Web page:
Statoil has been working since 1996 on storing the CO2 under the seabed. The Statoil-operated Sleipner field has since 1996 performed removal of CO2 from produced gas, and injected and stored more than 16 million tonnes of CO2 in the Utsira formation.

“It’s about being part of the transformation.”

Also, the Norwegian government has decided to invest in the CO2 value chain and recently two other oil majors, Shell and Total, have joined Statoil in an agreement to mature the development of carbon storage on the Norwegian continental shelf. Indrebø believes this is great news because the project needs an industrial approach to this more than a company by company solution.

“For us it’s about being part of the transformation, it’s about looking for opportunities and it’s about finding these in collaboration with others. So it’s not just about sitting and waiting for something to happen and we believe the future demands the mix of solutions so it’s not about just providing one,” she said.

“The transformation of the global energy system means that we need to look at tomorrow’s solutions and we also believe that the companies that will win are the ones that are able to take part in the transformation,” Indrebø concluded.

When asked by the moderator to predict the movement of the oil price, Indrebø commented it’s important to be resilient and robust for the outcome of different scenarios without betting on the oil price.


‘CO2 emissions have to be reduced’


Following Indrebø’s speech, next up on the stage was Gertjan Lankhorst, Chairman at VEMW, the interest group and knowledge center for non-domestic energy and water consumers in The Netherlands.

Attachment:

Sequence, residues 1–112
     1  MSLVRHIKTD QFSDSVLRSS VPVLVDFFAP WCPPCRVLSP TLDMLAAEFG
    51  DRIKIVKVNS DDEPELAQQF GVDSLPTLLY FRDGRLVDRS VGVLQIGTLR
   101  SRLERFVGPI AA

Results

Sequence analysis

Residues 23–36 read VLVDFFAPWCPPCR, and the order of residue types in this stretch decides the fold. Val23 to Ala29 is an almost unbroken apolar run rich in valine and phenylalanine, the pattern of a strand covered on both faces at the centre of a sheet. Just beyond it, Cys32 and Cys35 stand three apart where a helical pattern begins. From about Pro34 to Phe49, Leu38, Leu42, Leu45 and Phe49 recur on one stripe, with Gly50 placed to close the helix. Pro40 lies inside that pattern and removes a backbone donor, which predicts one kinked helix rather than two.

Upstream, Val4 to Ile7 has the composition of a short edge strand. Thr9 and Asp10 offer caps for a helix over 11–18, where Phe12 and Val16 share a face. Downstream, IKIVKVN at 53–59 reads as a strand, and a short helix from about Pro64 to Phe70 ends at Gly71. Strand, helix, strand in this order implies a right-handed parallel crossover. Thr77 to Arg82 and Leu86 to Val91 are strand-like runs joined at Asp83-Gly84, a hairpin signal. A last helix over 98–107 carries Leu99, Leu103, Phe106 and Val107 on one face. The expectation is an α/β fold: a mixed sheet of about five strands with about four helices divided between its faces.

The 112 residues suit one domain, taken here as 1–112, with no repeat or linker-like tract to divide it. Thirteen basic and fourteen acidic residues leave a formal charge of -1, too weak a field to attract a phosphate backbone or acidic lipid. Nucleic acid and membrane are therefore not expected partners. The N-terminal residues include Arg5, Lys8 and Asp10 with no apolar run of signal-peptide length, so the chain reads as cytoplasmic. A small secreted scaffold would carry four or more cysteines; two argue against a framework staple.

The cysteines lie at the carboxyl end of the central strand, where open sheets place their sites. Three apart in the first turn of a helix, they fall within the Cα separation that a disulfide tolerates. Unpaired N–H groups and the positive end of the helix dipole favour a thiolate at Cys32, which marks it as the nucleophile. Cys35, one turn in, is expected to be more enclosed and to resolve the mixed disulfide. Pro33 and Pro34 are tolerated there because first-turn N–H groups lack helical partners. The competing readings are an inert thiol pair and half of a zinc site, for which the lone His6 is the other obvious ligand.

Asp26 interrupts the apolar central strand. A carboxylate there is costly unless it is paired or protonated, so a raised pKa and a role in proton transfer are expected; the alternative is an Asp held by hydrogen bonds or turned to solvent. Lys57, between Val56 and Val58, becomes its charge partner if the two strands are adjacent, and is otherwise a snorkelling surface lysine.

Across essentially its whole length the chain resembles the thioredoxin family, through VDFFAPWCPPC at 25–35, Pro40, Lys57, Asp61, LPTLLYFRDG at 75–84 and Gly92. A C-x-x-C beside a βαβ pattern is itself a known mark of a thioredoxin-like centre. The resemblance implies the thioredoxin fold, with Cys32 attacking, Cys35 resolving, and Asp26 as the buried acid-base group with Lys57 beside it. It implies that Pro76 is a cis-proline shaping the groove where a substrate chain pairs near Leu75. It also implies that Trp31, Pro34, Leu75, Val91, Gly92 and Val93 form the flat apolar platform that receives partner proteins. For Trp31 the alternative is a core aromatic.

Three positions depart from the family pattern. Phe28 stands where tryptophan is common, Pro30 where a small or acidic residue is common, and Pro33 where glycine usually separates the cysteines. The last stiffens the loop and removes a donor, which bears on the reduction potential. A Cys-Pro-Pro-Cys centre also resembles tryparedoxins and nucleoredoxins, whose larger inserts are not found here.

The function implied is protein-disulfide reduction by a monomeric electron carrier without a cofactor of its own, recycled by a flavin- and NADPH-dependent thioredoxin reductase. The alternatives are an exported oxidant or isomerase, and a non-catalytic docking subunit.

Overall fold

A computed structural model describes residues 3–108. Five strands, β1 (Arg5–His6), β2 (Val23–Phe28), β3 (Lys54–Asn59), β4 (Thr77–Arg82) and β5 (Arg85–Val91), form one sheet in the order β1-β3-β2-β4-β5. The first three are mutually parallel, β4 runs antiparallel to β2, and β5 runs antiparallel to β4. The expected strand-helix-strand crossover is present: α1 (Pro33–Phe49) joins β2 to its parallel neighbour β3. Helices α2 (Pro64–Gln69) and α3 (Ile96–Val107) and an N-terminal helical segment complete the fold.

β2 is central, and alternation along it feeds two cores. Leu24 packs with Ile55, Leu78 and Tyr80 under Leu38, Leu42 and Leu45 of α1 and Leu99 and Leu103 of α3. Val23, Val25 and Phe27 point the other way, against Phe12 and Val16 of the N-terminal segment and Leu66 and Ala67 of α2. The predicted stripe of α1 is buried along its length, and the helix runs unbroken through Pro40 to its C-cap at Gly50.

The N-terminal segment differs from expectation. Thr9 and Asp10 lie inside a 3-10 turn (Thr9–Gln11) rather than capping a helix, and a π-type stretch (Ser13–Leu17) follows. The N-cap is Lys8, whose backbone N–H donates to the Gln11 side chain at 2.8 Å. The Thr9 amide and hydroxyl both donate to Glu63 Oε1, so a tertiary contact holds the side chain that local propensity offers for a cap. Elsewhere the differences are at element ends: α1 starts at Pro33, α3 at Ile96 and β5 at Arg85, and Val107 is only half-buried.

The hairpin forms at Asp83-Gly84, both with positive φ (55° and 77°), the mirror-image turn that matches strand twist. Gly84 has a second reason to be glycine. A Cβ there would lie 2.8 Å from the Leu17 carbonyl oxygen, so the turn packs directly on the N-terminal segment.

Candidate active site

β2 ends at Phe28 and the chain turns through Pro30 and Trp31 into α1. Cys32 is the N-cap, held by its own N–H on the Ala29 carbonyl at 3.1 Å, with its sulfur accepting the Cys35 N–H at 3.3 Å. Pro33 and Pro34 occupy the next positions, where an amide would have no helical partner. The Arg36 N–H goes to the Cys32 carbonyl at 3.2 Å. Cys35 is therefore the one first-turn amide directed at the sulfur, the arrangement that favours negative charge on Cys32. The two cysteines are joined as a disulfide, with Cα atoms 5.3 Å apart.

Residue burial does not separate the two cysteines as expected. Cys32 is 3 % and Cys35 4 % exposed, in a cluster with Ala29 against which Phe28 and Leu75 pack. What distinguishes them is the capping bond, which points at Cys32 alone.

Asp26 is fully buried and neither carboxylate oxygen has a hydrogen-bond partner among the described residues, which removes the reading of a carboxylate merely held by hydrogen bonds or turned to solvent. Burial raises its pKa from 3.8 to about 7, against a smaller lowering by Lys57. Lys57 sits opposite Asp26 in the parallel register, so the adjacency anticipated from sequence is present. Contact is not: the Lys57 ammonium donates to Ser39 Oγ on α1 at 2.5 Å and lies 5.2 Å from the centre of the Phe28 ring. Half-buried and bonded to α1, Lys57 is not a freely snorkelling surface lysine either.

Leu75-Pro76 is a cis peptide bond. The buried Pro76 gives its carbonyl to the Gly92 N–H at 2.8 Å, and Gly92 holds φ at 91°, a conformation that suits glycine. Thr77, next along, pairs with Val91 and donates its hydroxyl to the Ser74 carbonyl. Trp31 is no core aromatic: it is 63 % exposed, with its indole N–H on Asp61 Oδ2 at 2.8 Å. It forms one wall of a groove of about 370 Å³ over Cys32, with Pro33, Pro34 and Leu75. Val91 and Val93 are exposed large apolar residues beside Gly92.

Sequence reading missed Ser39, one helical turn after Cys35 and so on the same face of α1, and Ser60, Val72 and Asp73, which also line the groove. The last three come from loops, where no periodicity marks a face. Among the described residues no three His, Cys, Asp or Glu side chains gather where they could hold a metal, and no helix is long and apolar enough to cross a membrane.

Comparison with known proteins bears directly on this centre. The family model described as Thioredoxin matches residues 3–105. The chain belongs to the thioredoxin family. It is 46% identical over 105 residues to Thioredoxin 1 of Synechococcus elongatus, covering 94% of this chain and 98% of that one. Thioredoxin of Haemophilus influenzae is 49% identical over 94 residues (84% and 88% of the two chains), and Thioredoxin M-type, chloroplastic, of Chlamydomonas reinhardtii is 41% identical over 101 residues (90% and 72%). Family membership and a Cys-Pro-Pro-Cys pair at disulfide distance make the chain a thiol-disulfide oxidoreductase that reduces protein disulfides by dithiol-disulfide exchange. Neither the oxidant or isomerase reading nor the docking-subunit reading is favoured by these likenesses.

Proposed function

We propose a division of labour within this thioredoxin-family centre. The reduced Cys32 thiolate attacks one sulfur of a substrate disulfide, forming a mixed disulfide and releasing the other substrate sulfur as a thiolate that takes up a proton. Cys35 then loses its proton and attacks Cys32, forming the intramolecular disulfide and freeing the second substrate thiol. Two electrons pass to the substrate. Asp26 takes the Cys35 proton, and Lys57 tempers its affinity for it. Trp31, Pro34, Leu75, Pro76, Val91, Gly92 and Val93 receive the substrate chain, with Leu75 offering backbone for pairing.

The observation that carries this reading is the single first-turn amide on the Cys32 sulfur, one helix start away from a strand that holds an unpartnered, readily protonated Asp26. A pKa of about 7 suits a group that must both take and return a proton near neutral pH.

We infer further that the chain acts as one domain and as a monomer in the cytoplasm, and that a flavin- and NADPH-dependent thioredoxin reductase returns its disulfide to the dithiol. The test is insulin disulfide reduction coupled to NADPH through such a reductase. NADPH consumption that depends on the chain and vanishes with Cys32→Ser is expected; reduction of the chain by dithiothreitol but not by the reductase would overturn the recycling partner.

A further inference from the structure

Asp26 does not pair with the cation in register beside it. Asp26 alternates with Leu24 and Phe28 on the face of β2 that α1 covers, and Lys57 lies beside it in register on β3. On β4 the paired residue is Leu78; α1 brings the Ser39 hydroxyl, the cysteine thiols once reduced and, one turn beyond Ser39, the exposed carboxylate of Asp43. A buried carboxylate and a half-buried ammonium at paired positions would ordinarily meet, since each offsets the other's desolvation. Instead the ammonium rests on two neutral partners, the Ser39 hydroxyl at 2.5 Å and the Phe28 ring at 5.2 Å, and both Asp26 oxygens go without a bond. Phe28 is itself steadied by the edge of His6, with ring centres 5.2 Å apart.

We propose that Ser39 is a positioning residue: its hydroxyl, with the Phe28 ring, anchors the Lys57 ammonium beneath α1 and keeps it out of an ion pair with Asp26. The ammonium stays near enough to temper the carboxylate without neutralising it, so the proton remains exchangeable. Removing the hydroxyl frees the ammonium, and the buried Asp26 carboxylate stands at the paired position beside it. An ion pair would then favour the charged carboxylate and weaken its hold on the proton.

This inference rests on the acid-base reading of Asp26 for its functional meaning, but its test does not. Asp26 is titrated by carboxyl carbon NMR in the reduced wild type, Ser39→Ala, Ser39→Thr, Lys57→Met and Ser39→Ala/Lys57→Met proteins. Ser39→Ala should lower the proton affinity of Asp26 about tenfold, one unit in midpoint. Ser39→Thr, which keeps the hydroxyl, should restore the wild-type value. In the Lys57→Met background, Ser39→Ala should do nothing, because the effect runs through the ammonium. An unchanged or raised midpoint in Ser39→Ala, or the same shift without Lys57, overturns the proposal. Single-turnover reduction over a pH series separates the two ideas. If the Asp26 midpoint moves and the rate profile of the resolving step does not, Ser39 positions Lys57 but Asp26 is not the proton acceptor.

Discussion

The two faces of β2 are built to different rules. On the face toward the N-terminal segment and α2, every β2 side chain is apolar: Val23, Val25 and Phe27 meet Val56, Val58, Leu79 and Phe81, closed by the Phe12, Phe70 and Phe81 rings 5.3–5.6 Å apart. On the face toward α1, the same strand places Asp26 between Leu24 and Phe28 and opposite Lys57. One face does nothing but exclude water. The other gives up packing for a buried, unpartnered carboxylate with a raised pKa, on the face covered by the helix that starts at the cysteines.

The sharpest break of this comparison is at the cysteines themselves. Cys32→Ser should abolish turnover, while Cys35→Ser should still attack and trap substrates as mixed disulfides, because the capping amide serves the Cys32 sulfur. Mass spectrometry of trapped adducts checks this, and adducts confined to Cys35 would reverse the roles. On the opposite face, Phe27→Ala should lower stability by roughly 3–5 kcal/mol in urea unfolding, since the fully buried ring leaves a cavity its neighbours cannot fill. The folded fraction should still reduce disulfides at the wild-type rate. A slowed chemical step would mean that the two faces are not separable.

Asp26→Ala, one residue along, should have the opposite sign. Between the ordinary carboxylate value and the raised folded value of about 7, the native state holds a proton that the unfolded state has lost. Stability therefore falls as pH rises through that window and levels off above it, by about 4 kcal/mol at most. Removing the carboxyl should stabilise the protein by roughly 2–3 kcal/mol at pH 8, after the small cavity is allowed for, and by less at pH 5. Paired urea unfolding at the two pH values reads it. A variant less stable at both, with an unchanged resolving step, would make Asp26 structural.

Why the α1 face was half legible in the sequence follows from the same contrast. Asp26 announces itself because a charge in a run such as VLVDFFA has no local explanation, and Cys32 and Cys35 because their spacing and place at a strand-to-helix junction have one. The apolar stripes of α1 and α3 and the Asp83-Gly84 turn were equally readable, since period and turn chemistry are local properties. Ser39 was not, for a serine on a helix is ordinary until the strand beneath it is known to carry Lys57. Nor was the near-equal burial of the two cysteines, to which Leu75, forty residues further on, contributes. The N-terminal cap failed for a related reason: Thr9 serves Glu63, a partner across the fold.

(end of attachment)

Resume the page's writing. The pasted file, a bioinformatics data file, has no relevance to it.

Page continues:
“What I wanted to discuss with you is what is the perspective for everything that you will produce in the North Sea, is there a market for it and how will that market develop itself.”

Mentioning the Paris climate agreement from 2016 where countries across the world committed to holding the increase in the global average temperature to well below 2 °C, Lankhorst said that in order to make that a reality the CO2 emissions have to be reduced by 80-95%.

He believes that the Netherlands will not be able to reduce its emissions in time and enough so the CO2 needs to be stored one way or another. Reduction of the CO2 emissions in the entire Dutch industry needs to become a reality, he said.

Referring to the earlier oil price discussion with the previous speaker, Lankhorst said that he does not know the answer to the question either but what he does know is that it will fluctuate and that there will be no fixed price for oil in the future. However, he noted that the price of the renewable power will only get cheaper in time.

“Never bet against energy.”

The next speaker that took the stage was Peter Sanders, Director at Deloitte, who leads the oil and gas offshore service team. Sanders examined the topic of the panel from a global perspective.

Talking about the long-term energy outlook, he said: “Never bet against energy.”

Sanders also said that the demand is actually increasing and that is important because in the long run the total energy industry is a growth market.

Offshore Energy Today Staff